Amy Nguyen: What do you wake up every day looking forward to?

Deepti Sharma: Seeing how my son changes and discovers the world around him every day! Both of my pregnancies are hard and motherhood is harder. Therefore, I really value seeing the world with my son, who is currently two years old and very active. It melts my heart when I wake up finding him say “Mummy!” I am always interested in the things that he says when he discovers something interesting. I am a career focused woman, but I also deeply care about my family and my children. Although I did not take maternity leave, I am fortunate enough to have a strong support system so I could still be a mum.

For me, it is important to know what’s important in a season of life. As the year goes on, my priorities change so I don’t disappoint myself and those I am surrounded by. Currently, on a day to day basis, it’s my son. I want to be his partner in building his characters as he is becoming an individual.

ABOUT FUTURE PLAN AND THE FUTURE

Amy Nguyen: What’s your professional goal for the next two to three years?

Deepti Sharma: To get my company to the place where I feel comfortable, which means a bigger and more established company with more growth in New York area. We no longer focus on consumers but corporate instead. My efforts will be more on branding, marketing, and growth.

And then, probably within three to five years, I want to run for office. I need to find my path though.

Amy Nguyen: What is your vision of the FoodTech industry for the next 5 to 10 years?

Deepti Sharma: I’d like to see people create companies using technology and serving different communities. The food industry has a high turnover of restaurants. A lot of them are shut down after a short tenure. If we could help our communities to succeed, we are contributing to making our society better as these business owners could send their kids to college.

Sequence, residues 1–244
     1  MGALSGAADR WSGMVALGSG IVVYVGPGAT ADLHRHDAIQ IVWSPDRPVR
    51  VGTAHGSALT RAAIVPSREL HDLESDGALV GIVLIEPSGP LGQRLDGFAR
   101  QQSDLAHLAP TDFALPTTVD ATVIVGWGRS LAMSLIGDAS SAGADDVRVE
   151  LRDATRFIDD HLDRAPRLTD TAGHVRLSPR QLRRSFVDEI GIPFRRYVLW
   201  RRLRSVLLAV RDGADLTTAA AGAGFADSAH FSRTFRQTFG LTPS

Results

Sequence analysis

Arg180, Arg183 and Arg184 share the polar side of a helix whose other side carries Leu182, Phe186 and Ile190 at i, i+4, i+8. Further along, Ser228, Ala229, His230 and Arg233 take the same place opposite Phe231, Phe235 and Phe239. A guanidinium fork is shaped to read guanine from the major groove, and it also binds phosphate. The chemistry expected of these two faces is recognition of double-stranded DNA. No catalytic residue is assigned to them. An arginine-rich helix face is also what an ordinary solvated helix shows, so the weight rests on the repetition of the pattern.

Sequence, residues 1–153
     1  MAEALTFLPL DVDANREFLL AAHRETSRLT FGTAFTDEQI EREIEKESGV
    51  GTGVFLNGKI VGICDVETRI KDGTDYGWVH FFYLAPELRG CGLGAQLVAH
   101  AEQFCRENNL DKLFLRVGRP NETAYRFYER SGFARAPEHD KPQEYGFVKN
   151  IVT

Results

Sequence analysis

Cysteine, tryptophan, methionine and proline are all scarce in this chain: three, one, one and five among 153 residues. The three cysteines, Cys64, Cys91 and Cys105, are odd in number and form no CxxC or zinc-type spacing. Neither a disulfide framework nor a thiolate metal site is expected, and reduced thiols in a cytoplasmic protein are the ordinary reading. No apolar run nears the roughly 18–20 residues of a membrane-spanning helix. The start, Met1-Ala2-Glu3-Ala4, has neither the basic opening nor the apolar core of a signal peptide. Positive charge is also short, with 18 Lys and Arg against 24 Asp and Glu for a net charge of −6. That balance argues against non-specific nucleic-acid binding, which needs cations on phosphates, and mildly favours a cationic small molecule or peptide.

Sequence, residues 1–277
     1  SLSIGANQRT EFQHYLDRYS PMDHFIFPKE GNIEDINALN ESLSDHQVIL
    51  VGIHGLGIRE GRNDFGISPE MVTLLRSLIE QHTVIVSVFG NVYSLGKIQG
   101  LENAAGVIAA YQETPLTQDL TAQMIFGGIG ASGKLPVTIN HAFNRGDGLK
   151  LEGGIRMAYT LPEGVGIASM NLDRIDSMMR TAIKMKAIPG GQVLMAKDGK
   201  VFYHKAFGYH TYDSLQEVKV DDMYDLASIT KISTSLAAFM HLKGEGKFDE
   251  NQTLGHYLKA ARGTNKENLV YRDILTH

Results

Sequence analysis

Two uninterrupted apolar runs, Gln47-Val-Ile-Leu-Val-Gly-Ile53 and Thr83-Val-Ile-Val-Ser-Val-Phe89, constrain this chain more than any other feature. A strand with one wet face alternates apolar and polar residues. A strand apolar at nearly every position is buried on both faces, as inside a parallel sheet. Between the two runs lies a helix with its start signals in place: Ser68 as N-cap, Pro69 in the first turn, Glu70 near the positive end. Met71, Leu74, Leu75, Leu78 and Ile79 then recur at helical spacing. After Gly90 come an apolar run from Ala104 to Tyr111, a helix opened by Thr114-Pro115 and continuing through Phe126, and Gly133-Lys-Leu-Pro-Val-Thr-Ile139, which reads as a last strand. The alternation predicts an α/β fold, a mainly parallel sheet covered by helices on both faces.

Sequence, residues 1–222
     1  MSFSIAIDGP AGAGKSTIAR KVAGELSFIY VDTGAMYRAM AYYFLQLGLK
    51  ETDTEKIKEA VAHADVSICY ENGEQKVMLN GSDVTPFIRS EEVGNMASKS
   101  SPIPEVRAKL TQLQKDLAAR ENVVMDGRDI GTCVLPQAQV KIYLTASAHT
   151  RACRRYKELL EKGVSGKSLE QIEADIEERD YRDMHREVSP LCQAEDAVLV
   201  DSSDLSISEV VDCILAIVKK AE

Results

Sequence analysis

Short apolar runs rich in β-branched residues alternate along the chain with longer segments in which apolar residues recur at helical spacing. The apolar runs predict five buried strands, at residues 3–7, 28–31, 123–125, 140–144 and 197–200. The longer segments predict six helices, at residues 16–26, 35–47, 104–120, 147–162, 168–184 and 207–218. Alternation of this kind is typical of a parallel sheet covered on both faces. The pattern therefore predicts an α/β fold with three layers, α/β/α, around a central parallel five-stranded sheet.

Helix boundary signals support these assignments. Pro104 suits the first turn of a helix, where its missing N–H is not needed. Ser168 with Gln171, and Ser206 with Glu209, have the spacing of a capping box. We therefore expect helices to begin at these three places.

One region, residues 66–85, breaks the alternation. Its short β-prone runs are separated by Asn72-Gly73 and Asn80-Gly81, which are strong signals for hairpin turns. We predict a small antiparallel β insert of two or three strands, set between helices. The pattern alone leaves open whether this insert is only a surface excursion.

At the same time, growing up a vegetarian, I want to continue to learn about what our food system is like, and how and what we could do to positively affect it.

ABOUT CAREER DECISION AND CAREER ADVICE

Amy Nguyen: What factors in your upbringing have influenced your decision to be an entrepreneur and your originality, and how do you want to reinforce those in your family?

Deepti Sharma: My parents are open to letting me be who I want to be. Usually, parents want kids to be someone safe. My parents have their own business and my father always treats my mother as an equal partner or even first. They live on equality basis where they see my brother and me equal. I carry that on for my relationship with my husband: we are equal partners. When I delivered our son, it was not me but my husband who took the leave to attend to our newborn. As it’s usually toughest during the first eight or nine months, I felt truly blessed that my husband was willing to support me so generously so I could focus on the critical period of my company at that point. For me, that is true equality.

As I rarely see the men take more than a week off, I want to see more men challenging the system. Indeed, my husband actually told his company that he was the primary caregiver and asked them what they could do to help him. The company then offered him eight weeks of leave. People just assume that women are caregivers so we need to challenge it and ask what policy the employers have to support families.

Amy Nguyen: What’s your best advice for women who are on the border of working for themselves and working for others to have the financial security of a regular paycheck?

Deepti Sharma: Try something on the side first. Get yourself comfortable first. Do a bit of consulting, when you see that side hustle growing then go full time. Being entrepreneur has a lot of ups and downs, so when you have some traction, you know you have the capability. Of course, there are people who could take massive risks and they may want to give it a go full-time without trying. The bottom line is don’t be afraid. See what sets you aside and to your advantage and work on it.

Amy Nguyen: If you could choose a completely different career, what would it be?

Deepti Sharma: Politics, obviously. If I am to pick a fun one, it’d be a brain surgeon.

After completing the interview, I stepped out of WeWork office while the city was still sprinkled with rain and blanketed with a foggy layer in its more than ten shades of grey; however, I had never felt so elevated and inspired as if I had been over the rainbow. I truly hope this article would be of interest to many others who are set to drive their careers ahead and to find true meaning in their lives. Please watch out this space for further uplifting stories of unconventional or courageous career paths from highly respected people who have made it there.